6 Tips for a Better Working Relationship with Your Boss

July 5, 2012
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Whether you’re an entry-level employee, manager, supervisor or some level of upper-management, most people will always experience the superior/subordinate type of relationship with someone at the workplace.  For some, this relationship can be enjoyable.  However, for many, it can also be stressful.

The good news is that there are some things that you can do—whether you’re the boss or the subordinate—that can help make this working relationship more enjoyable and a bit easier to manage on a day-to-day basis.

Thanks to the folks at Dale Carnegie Training of Birmingham Alabama, here are five simple suggestions for how you may be able to create a better working relationship with your boss.

  • Find Out How Your Boss Works Best.  Every person works differently, whether it’s their communication style, how they like to work, what kinds of medium they prefer to use, etc.  The first step to a better working relationship with your boss is to find out how your boss works best.  Do they like structure and would they prefer a specific meeting time for you to come to them with questions or concerns?  Do they not mind interruptions and have an open-door policy for you to come to them?  Do they prefer e-mail, telephone or in-person communication?  Whatever floats your boss’ boat, figure it out and you will already be one step closer to a much more efficient, effective and happier working relationship with him or her.
  • Be Positive.  Nobody likes a Debbie Downer and it’s harder and harder these days to find employees that are positive, upbeat and going to maintain a pleasant attitude at the workplace. So, be the exception and bring positive energy to the office.  When there’s a problem, help find the solution and encourage others around you to do the same.  When things get stressful, find positive ways to handle it instead of infiltrating negativity and more stress throughout the office.
  • Don’t Make Excuses.  Ask any boss and the one pet peeve most of them will share is this one: EXCUSES.  No boss likes to hear excuses from employees, so know what is expected of you and plan accordingly.  Most people won’t get in trouble for coming to their boss before a problem occurs.  It’s those that let things go and then come up with a million excuses why it happened that don’t seem to stay around for too much longer.  Anticipate problems and catch them in time to figure out solutions so you don’t have to go to your boss with any excuses.  Along the same lines, be willing to accept blame or fault when appropriate.  An employee that’s willing to acknowledge his or her own mistake and express an interest in correcting the mistake will be much more valued and appreciated at the end of the day than someone that points fingers and doesn’t admit any fault.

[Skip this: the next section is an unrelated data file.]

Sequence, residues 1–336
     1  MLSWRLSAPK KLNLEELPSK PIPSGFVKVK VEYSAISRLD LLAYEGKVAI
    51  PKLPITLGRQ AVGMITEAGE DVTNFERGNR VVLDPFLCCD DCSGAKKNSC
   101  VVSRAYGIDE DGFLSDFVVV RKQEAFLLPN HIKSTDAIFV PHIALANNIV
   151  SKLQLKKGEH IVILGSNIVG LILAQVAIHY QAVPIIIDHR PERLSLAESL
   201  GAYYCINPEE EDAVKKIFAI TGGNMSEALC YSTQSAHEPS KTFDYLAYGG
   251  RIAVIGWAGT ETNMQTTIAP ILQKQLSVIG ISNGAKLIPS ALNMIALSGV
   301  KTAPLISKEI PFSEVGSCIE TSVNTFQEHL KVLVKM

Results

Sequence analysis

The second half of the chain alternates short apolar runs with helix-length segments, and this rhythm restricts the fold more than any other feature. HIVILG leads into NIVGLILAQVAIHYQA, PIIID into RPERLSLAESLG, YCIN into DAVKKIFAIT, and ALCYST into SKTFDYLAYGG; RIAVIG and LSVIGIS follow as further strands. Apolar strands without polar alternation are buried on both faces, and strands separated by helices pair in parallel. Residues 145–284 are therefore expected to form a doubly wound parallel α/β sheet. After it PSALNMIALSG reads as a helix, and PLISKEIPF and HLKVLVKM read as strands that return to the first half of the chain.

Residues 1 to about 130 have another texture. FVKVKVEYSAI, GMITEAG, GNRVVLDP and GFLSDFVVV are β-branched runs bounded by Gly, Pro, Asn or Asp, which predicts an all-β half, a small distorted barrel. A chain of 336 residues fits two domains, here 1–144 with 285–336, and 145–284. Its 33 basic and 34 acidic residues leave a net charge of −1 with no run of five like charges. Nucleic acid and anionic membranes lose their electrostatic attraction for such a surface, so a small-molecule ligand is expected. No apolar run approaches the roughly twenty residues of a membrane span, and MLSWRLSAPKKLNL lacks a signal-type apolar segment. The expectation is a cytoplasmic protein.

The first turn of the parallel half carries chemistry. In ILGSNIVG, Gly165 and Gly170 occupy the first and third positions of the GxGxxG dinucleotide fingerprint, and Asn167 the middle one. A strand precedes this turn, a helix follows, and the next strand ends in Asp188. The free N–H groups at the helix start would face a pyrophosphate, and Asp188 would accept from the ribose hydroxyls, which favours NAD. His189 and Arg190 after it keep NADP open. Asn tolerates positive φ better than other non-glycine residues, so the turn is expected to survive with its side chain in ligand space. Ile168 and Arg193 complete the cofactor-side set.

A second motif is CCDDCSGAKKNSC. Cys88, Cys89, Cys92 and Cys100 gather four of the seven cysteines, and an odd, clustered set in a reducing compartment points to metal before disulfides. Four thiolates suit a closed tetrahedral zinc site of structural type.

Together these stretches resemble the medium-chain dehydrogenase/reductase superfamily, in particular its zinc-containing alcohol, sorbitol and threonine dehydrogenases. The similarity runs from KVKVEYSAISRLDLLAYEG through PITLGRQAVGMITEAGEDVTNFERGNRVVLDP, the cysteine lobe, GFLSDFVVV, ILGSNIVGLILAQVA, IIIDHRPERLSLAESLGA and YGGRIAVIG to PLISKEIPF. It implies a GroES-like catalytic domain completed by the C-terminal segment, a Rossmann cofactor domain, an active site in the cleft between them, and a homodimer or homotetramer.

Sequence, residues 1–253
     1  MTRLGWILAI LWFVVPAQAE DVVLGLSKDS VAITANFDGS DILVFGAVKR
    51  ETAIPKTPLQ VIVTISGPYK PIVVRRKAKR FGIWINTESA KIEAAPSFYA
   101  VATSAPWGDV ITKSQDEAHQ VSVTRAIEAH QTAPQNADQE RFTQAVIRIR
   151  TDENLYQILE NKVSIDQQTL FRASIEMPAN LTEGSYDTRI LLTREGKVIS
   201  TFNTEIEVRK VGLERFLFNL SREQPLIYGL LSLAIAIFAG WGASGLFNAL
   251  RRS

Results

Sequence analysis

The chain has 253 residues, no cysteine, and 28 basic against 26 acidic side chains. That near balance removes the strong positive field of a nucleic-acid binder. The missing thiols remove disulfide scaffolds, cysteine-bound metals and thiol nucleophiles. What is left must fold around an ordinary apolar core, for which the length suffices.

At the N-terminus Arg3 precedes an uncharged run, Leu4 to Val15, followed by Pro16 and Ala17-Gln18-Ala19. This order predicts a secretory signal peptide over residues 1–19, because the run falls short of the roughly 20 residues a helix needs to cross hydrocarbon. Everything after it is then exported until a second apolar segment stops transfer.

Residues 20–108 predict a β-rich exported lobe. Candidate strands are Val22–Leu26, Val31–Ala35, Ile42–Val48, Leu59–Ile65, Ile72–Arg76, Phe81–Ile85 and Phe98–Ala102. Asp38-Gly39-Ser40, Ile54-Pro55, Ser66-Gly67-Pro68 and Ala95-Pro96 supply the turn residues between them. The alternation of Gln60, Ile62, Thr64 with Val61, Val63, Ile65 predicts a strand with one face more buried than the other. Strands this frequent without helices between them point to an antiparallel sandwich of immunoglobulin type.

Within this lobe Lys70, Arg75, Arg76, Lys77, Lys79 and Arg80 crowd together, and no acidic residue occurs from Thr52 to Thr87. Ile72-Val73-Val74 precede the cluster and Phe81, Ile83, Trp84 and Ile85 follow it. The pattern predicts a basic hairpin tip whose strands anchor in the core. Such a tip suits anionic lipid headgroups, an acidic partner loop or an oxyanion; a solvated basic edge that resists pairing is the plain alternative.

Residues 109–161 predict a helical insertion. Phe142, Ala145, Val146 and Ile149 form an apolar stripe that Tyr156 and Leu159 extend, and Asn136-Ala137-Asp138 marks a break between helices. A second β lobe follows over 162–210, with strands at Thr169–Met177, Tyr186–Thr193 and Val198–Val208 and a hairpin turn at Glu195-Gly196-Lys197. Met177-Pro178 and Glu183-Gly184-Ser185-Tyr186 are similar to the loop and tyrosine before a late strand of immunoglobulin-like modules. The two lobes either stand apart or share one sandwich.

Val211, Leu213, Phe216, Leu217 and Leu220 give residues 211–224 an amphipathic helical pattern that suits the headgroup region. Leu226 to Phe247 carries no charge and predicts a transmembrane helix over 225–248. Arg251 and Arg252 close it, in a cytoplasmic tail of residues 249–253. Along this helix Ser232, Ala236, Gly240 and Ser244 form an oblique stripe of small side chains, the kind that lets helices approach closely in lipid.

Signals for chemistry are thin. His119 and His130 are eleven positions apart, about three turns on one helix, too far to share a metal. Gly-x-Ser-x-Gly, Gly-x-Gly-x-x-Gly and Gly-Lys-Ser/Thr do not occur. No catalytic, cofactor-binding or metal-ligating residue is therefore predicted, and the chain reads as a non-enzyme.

• Keep Your Personal Stuff Personal.  This is a common mistake made by many employees.  They feel that if they get close to their boss, it’ll create some kind of friendship that will “save” them.  Most bosses have bosses and, at the end of the day, people are asked to make sure that they’re getting their job done and that the company’s goals and objectives are being met.  What this means is that your boss doesn’t need to know your entire personal life in order to “like” you.  In fact, some of the personal information some employees choose to share with their bosses may hurt them more than help them.  According to this article on Salary.com, here are just some of the things you should refrain from telling your boss: religious beliefs, political beliefs, relationship/marital trouble, sexual orientation, mental health issues, and your social/nightlife scene.  You don’t want to put yourself in a position to be judged or discriminated against, so keep your personal life to yourself.
  • Go Beyond the Basics.  Every boss expects their employee to do their basic duties and daily tasks.  It’s those employees that go beyond the basics and try to find ways to improve the company, come in a little earlier, stay a little longer, offer to help out on projects outside of their normal duties and stay a step ahead that will always be far more appreciated than those that simply come in from 8:01am to 4:59pm and to the bare minimum of the job requirements.  However, be careful to make sure you’re getting your regular job duties done (and done timely and correctly) before taking on more than you were hired to do.
  • Ask for Feedback.  An employee that actively seeks feedback from a boss is an employee that is looking to improve him or herself.  Often times, bosses may refrain from commenting about your work performance for fear of confrontation or simply to avoid hurting your feelings.  But an employee that can accept some constructive criticism and actively seek out this kind of feedback will always be viewed positively in the eyes of his or her superiors.  This is a great way for you to discover and address any of your own habits that you can correct before it becomes a problem or creates a strain on your working relationship with your boss.

As with all relationships we have in our personal and professional lives, our working relationships with our bosses always take time, patience and communication.  They never seem to come automatically, but the more you can learn about how your boss works and how to make him or her happy, the better you will feel about coming into the office each day—which there is no better way to be!

This post is brought to you by the good folks at Dale Carnegie Alabama.  We would love to connect with you on Facebook.

Photo Credit: thebeltongroup.ca

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